TW: The following article contains a discussion of suicide. Please read carefully. If you or a loved one are in crisis, please text “Hello” to 741-741 or contact (call, text, or chat online) the Suicide and Crisis Lifeline at 988.
Losing a loved one is never easy, and the grief never truly fades. It simply comes and goes like waves. Yet the grief that comes with losing someone to suicide feels vastly more intense. While there has been great improvement in regard to treatment and education surrounding mental health, many still see the topic of suicide as taboo.
In July of 2018, seven months after my own hospitalization, I lost a dear friend to suicide. Throughout their life, they struggled with both physical and mental health issues. But they also brought joy to so many. When I discovered the news through Facebook, I was in shock. There was absolutely no way that she was dead, I thought. Upon further investigation, I realized it was not some cruel prank. She was really gone.
I cried every single day for the next week. I constantly asked myself why I didn’t see the signs. Was there something I could’ve done, even from nearly 2,600 miles away? Why’d they do it?
The truth is I would never ultimately know why she left and I couldn’t have known why she took her own life. But the questions were constantly circulating in my mind, leaving me in this endless loop of anxiety and blame.
Being in rural Ohio and making minimum wage, I could not afford the round-trip ticket to attend her funeral. So when the day came, I found myself doing nothing. Work, chores, and hobbies felt pointless and difficult. The weight of the world was on my shoulders and I felt like collapsing from the pressure.
There was nothing I could do but think about her lifeless body going into the ground. In fact, through the months that followed, that was all I could think about. The sweet person I met in high school through Tumblr and dated, fading away. Dissociation primarily got me through those first few months. That was how I managed to work, interact with others, and get my household chores done. You cannot feel pain when you are detached from yourself and numb. Sleep became difficult, leading to many restless nights with vivid nightmares.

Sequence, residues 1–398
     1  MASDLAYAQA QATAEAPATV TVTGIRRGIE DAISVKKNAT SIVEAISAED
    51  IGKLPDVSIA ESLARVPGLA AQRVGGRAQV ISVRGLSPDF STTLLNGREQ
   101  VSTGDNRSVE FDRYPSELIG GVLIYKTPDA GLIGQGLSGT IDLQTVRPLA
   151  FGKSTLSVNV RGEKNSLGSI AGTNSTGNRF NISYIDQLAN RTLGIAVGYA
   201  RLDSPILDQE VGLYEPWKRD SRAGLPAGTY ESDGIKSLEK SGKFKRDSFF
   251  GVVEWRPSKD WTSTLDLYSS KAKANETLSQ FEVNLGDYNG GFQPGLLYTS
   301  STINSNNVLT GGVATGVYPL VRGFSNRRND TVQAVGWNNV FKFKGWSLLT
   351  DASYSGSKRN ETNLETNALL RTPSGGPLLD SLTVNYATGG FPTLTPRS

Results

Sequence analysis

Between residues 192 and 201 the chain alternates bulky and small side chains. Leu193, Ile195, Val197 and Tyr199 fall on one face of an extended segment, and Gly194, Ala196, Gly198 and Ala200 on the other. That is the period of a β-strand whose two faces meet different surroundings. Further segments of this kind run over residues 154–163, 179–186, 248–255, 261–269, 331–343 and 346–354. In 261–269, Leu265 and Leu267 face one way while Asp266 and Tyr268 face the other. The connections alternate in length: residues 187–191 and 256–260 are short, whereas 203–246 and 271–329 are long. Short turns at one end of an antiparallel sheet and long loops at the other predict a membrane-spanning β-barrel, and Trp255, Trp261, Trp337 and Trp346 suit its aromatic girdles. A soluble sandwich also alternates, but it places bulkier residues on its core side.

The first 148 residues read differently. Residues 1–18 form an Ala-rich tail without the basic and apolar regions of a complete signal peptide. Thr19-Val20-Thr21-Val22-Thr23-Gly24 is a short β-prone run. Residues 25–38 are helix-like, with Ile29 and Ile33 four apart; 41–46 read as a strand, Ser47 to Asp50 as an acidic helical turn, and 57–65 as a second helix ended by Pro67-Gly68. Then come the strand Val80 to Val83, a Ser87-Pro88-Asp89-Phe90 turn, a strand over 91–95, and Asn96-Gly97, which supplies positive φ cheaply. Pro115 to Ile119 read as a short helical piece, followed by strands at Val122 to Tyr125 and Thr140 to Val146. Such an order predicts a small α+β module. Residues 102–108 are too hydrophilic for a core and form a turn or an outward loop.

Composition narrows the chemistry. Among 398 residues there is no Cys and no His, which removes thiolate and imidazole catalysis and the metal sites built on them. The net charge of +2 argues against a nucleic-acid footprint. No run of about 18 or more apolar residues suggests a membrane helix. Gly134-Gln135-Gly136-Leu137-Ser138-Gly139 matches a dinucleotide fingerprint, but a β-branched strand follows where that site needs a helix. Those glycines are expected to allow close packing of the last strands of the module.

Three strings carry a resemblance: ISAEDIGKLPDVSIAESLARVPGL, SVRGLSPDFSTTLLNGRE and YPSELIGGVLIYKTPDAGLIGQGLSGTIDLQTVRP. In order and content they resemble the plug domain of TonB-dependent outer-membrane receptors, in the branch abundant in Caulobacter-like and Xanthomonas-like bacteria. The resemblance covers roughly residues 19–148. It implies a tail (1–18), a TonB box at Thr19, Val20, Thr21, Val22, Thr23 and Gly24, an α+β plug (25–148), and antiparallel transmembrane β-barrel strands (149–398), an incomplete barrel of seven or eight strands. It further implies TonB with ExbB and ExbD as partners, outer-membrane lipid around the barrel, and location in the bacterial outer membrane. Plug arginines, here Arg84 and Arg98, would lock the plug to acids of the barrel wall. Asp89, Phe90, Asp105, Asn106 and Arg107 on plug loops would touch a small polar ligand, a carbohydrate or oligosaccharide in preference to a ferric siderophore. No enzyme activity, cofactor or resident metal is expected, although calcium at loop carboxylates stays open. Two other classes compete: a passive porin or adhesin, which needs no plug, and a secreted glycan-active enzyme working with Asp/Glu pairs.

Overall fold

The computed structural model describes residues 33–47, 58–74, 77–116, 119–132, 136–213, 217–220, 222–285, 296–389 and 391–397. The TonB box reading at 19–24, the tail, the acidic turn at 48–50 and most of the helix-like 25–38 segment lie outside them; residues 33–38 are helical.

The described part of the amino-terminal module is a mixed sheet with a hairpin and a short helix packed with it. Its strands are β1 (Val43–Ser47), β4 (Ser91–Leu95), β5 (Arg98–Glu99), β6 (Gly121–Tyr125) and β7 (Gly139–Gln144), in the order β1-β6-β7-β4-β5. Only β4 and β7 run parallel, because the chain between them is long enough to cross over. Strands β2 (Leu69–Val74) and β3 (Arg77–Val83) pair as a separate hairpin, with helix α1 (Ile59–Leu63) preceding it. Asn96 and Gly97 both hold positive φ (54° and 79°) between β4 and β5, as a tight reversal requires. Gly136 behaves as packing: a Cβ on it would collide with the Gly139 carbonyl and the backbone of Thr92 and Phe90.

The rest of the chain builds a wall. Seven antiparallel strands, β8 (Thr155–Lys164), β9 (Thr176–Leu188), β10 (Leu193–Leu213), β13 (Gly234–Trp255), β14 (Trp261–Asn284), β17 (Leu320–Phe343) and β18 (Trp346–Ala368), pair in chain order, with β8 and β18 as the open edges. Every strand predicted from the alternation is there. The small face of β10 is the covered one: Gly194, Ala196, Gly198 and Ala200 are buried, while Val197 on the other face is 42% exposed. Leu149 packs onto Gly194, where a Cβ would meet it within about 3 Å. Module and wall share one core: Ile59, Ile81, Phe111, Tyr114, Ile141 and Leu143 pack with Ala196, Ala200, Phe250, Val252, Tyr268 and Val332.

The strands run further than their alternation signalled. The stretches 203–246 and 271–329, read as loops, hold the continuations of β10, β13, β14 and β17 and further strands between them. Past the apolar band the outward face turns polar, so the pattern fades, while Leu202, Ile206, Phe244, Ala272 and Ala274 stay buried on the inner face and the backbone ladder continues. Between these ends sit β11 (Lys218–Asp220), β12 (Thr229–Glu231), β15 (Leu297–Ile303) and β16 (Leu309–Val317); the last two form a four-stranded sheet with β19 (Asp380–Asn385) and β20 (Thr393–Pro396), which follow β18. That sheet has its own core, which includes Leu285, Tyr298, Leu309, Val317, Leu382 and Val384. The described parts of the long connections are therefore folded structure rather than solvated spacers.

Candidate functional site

Four and a half years later, not a day goes by that I don’t think of her. If we are being completely honest, I never fully allowed myself to work through my grief. I blame myself for not seeing the signs sooner. There are times that I still feel guilty, living and enjoying the moments she did not get to. There are times when I break down in the shower because I miss seeing her face. The emotions you experience after losing someone to suicide come naturally, but that does not mean we allow ourselves to process them and the death.
If you know someone who has experienced the loss of a loved one by suicide, you may be unsure how to help them. Below are four tips to help you become a better support system.
1. Let them know you are here to listen.
When someone is experiencing the loss of a loved one to suicide, it is easy to feel like you are alone and that you have no one to talk to. As their support system, one of the best things you can do is let them know you are here to listen. Be patient and understanding. Losing someone to suicide is complex, so having someone listen can help them work through their grief.
2. Don’t minimize their experience.
Try to avoid using phrases such as “time heals all wounds,” ”be strong,” or “they’re in a better place.” These phrases minimize your loved one’s emotions and experiences during a difficult time. Instead, try acknowledging their suffering. Comments and questions such as “How can I best support you right now?” or “It’s okay to feel what you are feeling right now.” These phrases let your loved one know that they are not alone and have someone to lean on for extra support.
3. Offer help with various tasks.
Daily living tasks can be extremely difficult when your loved one is processing someone’s loss to suicide. Offer assistance with tasks such as household chores, preparing a meal, or running errands. Assisting them with tasks allows suicide loss survivors the space they need to cope with their grief while also not being bogged down from chores.
4. Don’t say that you understand.
While the sentiment is nice, the truth is that everyone experiences grief differently, including suicide loss survivors. Saying that you understand what they are going through can be dismissive. Instead, saying something as simple as “I am so sorry for your loss” can be a great start to supporting your loved one.
No one wants to get the call, text, or post saying that someone has died from suicide. But if you are ever unfortunate enough to receive that, know that you are not alone. From support groups to your family and friends, you don’t have to grieve on your own. Your healing journey won’t be perfect, but know that you deserve the space to grieve.
Feature Image by Ben White on Unsplash
A truly heartfelt piece ❤️
[…] text was initially printed at Unwritten. Reprinted with permission from the […]